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Single-molecule fluorescence measurements reveal the reaction mechanisms of the core-RISC, composed of human Argonaute 2 and a guide RNA
Single-molecule fluorescence measurements reveal the reaction mechanisms of the core-RISC, composed of human Argonaute 2 and a guide RNA
BMB Reports. 2015. Dec, 48(12): 643-644
Copyright © 2015, Korean Society for Biochemistry and Molecular Biology
This is an open-access article distributed under the terms of the Creative Commons Attribution Non-Commercial License (http://creativecommons.org/licenses/by-nc/4.0) which permits unrestricted non-commercial use, distribution, and reproduction in any medium, provided the original work is properly cited.
  • Received : November 16, 2015
  • Published : December 31, 2015
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About the Authors
Myung Hyun Jo
National Center of Creative Research Initiatives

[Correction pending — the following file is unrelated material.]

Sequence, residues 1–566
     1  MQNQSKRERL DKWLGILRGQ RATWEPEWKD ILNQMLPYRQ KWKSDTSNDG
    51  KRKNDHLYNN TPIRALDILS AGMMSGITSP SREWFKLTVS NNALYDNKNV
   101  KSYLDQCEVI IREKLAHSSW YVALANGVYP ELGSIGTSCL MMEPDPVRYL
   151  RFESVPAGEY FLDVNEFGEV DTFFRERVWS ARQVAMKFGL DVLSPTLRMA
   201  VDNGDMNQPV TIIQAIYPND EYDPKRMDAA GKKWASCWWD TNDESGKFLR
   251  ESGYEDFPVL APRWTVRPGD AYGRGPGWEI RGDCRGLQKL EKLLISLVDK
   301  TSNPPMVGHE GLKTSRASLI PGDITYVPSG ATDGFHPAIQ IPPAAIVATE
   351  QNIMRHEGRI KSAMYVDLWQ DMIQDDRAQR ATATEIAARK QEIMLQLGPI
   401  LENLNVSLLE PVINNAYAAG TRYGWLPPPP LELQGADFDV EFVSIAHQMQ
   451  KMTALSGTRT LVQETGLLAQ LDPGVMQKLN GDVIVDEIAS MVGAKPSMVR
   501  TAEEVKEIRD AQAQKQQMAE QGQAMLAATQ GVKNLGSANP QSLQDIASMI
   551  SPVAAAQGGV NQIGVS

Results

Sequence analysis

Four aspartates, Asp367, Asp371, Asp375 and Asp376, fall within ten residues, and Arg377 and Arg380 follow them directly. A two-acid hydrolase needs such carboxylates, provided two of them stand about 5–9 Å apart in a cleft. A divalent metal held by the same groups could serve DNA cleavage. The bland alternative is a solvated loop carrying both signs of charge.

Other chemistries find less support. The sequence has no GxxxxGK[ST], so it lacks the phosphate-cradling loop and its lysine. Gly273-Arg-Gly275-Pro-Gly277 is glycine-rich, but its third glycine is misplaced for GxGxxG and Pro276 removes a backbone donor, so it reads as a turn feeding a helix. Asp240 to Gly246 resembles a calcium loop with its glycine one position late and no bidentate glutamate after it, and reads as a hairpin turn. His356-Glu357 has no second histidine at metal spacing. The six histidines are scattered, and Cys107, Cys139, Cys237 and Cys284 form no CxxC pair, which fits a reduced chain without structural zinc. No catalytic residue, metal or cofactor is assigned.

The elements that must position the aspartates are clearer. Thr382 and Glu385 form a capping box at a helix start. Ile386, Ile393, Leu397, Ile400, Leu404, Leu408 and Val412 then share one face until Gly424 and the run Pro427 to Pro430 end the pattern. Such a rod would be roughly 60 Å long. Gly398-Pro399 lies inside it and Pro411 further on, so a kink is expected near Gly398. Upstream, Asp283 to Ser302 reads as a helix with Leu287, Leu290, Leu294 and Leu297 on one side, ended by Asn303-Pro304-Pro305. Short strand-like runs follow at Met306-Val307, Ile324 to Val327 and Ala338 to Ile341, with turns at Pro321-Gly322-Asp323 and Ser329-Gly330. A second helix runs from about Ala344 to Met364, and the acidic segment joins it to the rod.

Ji-Joon Song
Department of Biological Sciences, KAIST, Daejeon 34141, Korea
Sungchul Hohng
Department of Biophysics and Chemical Biology, Seoul National University, Seoul 08826
shohng@snu.ac.kr

Abstract
In eukaryotes, small RNAs play important roles in both gene regulation and resistance to viral infection. Argonaute proteins have been identified as a key component of the effector complexes of various RNA-silencing pathways, but the mechanistic roles of Argonaute proteins in these pathways are not clearly understood. To address this question, we performed single-molecule fluorescence experiments using an RNA-induced silencing complex (core-RISC) composed of a small RNA and human Argonaute 2. We found that target binding of core-RISC starts at the seed region of the guide RNA. After target binding, four distinct reactions followed: target cleavage, transient binding, stable binding, and Argonaute unloading. Target cleavage required extensive sequence complementarity and accelerated core-RISC dissociation for recycling. In contrast, the stable binding of core-RISC to target RNAs required seed-match only, suggesting a potential explanation for the seed-match rule of microRNA (miRNA) target selection. [BMB Reports 2015; 48(12): 643-644]
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Acknowledgements
This work was supported by a Creative Research Initiatives grant (Physical Genetics Laboratory, 2009-0081562) to S.H.
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